Thursday, 28 June 2007

Carp Catching at Birrong





Sometimes serendipity leads you to be in the right place at the right time!

Yesterday I was working at Birrong, a south-western Sydney suburb. I decided to check out a green patch on the street map called Maluga Passive Park. As I neared the duck pond, I saw a boat on the other side. One of the fellows waved at me, and I waved back. They headed over to where I was standing. I asked them what they were doing, and they told me to lift the lid on one of the bins by the side (Picture 2), and it turned out they are contracted to clear the pond of the noxious fish, European and Koi carp (Cyprinus carpio), and goldfish (Carassius auratus). Koi carp, which are an ornamental strain, revert to their natural colour in the wild.

They then demonstrated their technique, and held up the "victim" for me (Picture 1). Then they headed out again (Pics 3 & 4)

Home to Google, and I found out from the council website that introduced noxious fish can severely impact the health of aquatic ecosystems by increasing water turbidity and nutrient concentrations, destroying aquatic plants, and potentially causing the recurrence of toxic blue-green algae blooms. They also breed rapidly, eliminating native fish, tadpoles and other small lifeforms. They use electrofishing, which involves passing a small electric current through the water to stun fish. Native fish are released unharmed and exotic fish are euthanased. Electrofishing took place in in 2003 and 2005. In November 2003, native Australian Bass (Macquaria novemaculeata) fry - they are native to the local area - were introduced to re-establish a healthy breeding population that are predators of introduced fish - they eat nuisance algae and carp eggs.

European Carp are mainly bottom feeders and tend to stir up sediments, increasing turbidity and releasing nutrients such as nitrogen and phosphorus into the water. In this way, carp contribute to toxic blue-green algal blooms in freshwater.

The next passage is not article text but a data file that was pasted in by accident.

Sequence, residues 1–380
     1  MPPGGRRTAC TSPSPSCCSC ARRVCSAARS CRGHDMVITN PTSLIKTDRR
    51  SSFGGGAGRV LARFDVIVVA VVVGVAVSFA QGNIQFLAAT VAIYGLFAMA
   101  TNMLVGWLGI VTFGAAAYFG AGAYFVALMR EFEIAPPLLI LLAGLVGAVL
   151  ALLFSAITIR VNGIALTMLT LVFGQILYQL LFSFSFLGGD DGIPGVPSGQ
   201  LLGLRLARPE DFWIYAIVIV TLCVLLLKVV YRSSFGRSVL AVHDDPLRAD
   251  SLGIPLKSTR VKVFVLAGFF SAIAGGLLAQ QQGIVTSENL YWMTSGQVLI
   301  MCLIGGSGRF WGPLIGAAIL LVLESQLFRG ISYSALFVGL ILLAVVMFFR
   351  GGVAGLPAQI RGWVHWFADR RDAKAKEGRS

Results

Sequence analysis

Bankstown Council continues to monitor and remove carp to ensure that the Bass survive and water quality is not further degraded. And that's what these blokes were doing!


10 comments:

  1. Great photos, Sally. I was looking at that pile of fish... Can they sell it to local people? It just seems such a waste of good protein.

    Cheers from Boston.

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  2. As far as I know fish sales are strictly controlled and I don't think random fish from a pond are going to make it to market!

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  3. Just got back to St. Paul and my treat to myself is to do a little surfing of blogs before I return to my normal routine. And, what a pleasure to find your post! The pictures are clear, bright and detailed with great information!!

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  4. Hi Sally, just wondering what type of camera you use as the quality of your photos is very good. I want to get a small camera to carry around with me at all times (I'm assuming you have a compact camera!) rather than the big one I tend to haul around.

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  5. belle photo et belles prises, mais je n'apelle pas cela de la pêche, il manque le côté humain, l'attente, j'aime pas trop cette technique


    beautiful photograph and beautiful catches, but I apelle step that of fishing, it misses the human side, waiting, I do not like too this technique

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  6. they wont reach the market, but are they edible?

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  7. Hi, Added a new value add to my blog this weekend - a news widget from www.widgetmate.com. I always wanted to show latest news for my keywords in my sidebar. It was very easy with this widget. Just a small copy paste and it was done. Great indeed.

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  8. Fish-killers... .
    So, high voltage, what a great hunters you are.

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  9. We have been warned not to release exotic fish and these would be enjoyed in some diets. I saw some gold fish in a pond, that by chance, had been found swimming in a backyard during the floods!

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  10. We have the same problem with carps in the US.

    In fact, they are jump up in the air and land on boats. [Saw this on TV.]

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